Home LifestyleHealth & Fitness Michael Mosley’s easy tricks to lose weight after Christmas – no exercise or diet

Michael Mosley’s easy tricks to lose weight after Christmas – no exercise or diet

by YAR

Millions of people up and down the country will have enjoyed many meals, snacks and feasts this Christmas. Enjoying more food than usually consumed, combined with less physical movement can result in weight gain. Diet expert Dr Michael Mosley has shared a few tips for anyone looking to shed a few festive pounds. 

Dr Michael said: “The winter months are when we put on the most weight, typically one to two pounds as we huddle indoors eating comfort foods.” 

The first thing that needs to be addressed is the difference between hunger and appetite. 

He explained: “Appetite is the sudden urge to eat, while hunger is a gnawing feeling that’s much harder to ignore or control. 

“Our urge to eat, our appetite, is largely driven by spotting tempting treats, as well as by stress and other emotional drivers.” 

For anyone looking to resist tasty treats this New Year, Dr Michael has some science-based tips.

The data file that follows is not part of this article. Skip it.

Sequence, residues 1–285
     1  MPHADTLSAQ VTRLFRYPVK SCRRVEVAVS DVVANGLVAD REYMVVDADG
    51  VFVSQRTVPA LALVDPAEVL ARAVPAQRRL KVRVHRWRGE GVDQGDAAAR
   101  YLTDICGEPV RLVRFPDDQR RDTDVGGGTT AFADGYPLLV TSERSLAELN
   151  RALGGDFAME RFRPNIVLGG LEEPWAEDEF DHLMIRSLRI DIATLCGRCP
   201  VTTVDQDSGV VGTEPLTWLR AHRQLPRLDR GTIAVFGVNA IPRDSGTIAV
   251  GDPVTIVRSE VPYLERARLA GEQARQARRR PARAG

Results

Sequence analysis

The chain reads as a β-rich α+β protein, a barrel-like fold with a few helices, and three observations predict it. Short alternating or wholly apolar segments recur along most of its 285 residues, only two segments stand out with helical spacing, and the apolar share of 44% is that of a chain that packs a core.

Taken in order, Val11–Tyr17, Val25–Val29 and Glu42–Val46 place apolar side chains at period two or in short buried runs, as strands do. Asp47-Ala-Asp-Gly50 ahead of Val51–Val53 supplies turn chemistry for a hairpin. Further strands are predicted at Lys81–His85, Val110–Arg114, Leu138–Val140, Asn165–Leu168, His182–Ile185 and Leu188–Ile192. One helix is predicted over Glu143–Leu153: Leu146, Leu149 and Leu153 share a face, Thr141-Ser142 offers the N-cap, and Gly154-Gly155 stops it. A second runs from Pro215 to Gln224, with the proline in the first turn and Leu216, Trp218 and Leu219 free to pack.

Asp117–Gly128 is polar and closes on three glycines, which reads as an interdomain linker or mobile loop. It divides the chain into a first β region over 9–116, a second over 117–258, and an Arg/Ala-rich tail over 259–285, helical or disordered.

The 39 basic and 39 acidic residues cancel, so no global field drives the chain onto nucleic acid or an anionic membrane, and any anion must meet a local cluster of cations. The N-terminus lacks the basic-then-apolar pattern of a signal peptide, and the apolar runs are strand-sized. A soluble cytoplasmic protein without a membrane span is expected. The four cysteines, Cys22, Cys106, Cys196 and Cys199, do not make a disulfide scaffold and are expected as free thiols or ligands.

READ MORE: Dragon 2022 zodiac horoscope: What your Chinese zodiac sign means

Eat chocolate two hours before a meal 

Not something most would traditionally suggest, but Dr Michael discusses the benefits of eating small pieces of dark chocolate before a meal. 

He quoted a study: “In the journal Nutrition and Diabetes in 2008, volunteers who ate 100g of dark chocolate two hours before a meal consumed 140 fewer calories at the next meal than they did after eating milk chocolate.

“They also reported a big drop in the urge to eat other sweet, fatty or savoury snacks.” 

TV and other screens turned off 

Many like to do something while eating, be it reading a book, catching up on the online news or watching a television programme. 

But the mindless attention can cause extra calories to be consumed. 

Dr Michael suggests not staying “up late to watch TV” as a lack of sleep can also drive hunger. 

He explained: “Lack of sleep raises your levels of the stress hormone, cortisol, and boosts activity in areas of the brain involved in viewing food, particularly high-calorie food, as a positive reward.” 



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